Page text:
It's worth noting that despite its high cost, inherently volatile nature, and lackluster growth prospects, airfreight as a mode will not disappear. The airfreight market is small compared with containerized ocean shipping--in 2013, global airfreight traffic approximated 208 billion revenue ton-kilometers versus 11.2 trillion RTKs for ocean activity, according to Boeing's World Air Cargo Forecast. Still, it remains an indispensable component of shippers' supply chains and a critical means of secure, rapid overseas transport, especially given the high levels of foreign sourcing and distribution among Western manufacturers and retailers. Ocean deliveries can take up to a month to arrive, compared with a day or two for airfreight, which is also more reliable. Airfreight also provides a vital transportation safety valve for inventory replenishment or during periods of unexpected demand spikes--historically about half of airfreight movements relate to ad hoc, emergency shipments. Moreover, demand stemming from decent economic growth within Asia Pacific will keep airfreight a relevant transport mode. East-west trade lanes constitute the largest chunk of business for the top U.S. and European forwarders, but most providers naturally have built a meaningful presence in key emerging markets, where we expect gradual benefits from expanding intra-Asia trade.

Unfavorable Supply/Demand Relationship Constrains Pricing
Save for seasonal upticks in demand, the air and ocean shipping markets are flush with an abundance of cargo space. Naturally, oversupply is a challenge for asset-based carriers, but it also weakens the intermediaries' pricing power and increases variability in capacity buy rates, adding noise to gross profit margins. For example, Expeditors has seen yields fall more than 100 basis points year over year (on average), through the third quarter , despite decent tonnage growth. There is little evidence of a near-term pullback in capacity levels in the air or ocean markets. Thus, unlike the domestic freight brokerage industry, which is benefiting from a secular tightening of truckload supply, global third-party logistics providers focused on international shipping won't find much incremental growth via rate gains.

Ocean capacity. Overcapacity is most pronounced in ocean shipping markets, where liners are grappling with a chronic supply/demand imbalance. While vessel orders are not as elevated as they were before the 2009 freight downturn, carriers have nonetheless continued to order larger, more fuel-efficient containerships in an effort to reduce bunker fuel consumption and maximize scale economies. Doubling vessel size can lower unit costs by as much as 25%, assuming the carrier can fill the ship with containers, and this is an attractive proposition to liners struggling to break even in a challenging market. The problem is that the industry order book has hovered near 20% of capacity over the past three-plus years, despite the prospect of soft pricing and low- to mid-single-digit global containerized trade growth (at the low end on traditional east-west trade lanes). Accordingly, nominal capacity additions (deliveries net of scrapping) have long exceeded increases in freight demand, and that will persist as massive vessels capable of carrying up to 18,000 TEUs are still being added to major Asia-Europe trade lanes. Many of the existing 10,000-14,000 TEU ships (which are already much larger than previous-generation 6,000-8,000 TEU vessels) are transitioning to U.S.-related trade routes.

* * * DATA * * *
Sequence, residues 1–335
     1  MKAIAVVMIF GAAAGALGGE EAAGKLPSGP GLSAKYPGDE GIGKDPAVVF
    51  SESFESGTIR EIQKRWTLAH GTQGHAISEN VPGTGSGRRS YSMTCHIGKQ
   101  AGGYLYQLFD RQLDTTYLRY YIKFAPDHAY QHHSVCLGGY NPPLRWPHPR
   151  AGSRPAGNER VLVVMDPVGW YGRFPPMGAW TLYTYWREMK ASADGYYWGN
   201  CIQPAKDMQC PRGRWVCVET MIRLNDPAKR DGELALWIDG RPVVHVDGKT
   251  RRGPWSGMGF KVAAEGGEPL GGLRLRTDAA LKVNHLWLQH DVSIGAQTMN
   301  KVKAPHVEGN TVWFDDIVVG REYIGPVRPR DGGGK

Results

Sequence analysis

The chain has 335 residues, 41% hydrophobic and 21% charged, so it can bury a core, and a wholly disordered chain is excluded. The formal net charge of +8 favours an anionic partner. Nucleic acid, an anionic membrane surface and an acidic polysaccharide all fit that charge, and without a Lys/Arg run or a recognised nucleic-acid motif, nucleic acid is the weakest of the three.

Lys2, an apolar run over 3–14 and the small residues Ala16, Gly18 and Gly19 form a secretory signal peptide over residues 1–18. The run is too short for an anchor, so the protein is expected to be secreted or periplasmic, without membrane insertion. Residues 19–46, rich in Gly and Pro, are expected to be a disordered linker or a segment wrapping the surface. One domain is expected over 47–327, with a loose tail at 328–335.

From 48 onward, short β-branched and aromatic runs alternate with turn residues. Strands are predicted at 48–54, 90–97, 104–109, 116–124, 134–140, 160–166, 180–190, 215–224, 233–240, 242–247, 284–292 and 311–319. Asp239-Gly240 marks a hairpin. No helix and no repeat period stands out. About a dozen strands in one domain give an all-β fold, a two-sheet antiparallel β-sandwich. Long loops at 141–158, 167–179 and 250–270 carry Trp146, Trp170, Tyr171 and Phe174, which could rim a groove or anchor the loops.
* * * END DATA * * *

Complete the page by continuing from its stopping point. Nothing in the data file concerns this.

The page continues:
Overcapacity Is Plaguing the Ocean Shipping Industry

For perspective on liners' seemingly inexorable inclination to overbuild, consider that total global container demand was up 7% between 2003 and 2013, while nominal capacity expanded 10%. More recently, in 2012 and 2013, global demand rose 3% on average while new vessels boosted the fleet 6%, net of scrapping activity. Carriers' efforts to manage the influx of vessel space via slow steaming have helped reduce the supply/demand gap, but only in part, and although current order data suggest that gap will not widen in the years ahead, it won't disappear. According to market leader Maersk Line, new tonnage deliveries will add 6% (net) to the industry containership fleet in 2014. This compares with our 3%-4% industry growth assumption for the core Asia-U.S. and Asia-Europe trade routes.

An additional response to overcapacity and related profit pressure has been the formation of vessel-sharing arrangements, in which ocean liners pool resources with peers but keep vessel ownership, rate setting, and operational execution separate. The intent is to boost utilization and scale economies without the regulatory roadblocks associated with true mergers and acquisitions. There are numerous VSAs among the large ocean carriers, the most recent of which includes industry leaders Maersk Line and Mediterranean Shipping Company. Overall, we do not expect VSAs to do much for industry pricing in the short run, but such arrangements could reduce the propensity to overbuild in the future, since a liner can take advantage of a peer's service on certain lanes without adding its own vessels. Further, if liners can successfully employ VSAs to incrementally shore up profitability, service and rate volatility throughout the industry would probably decline.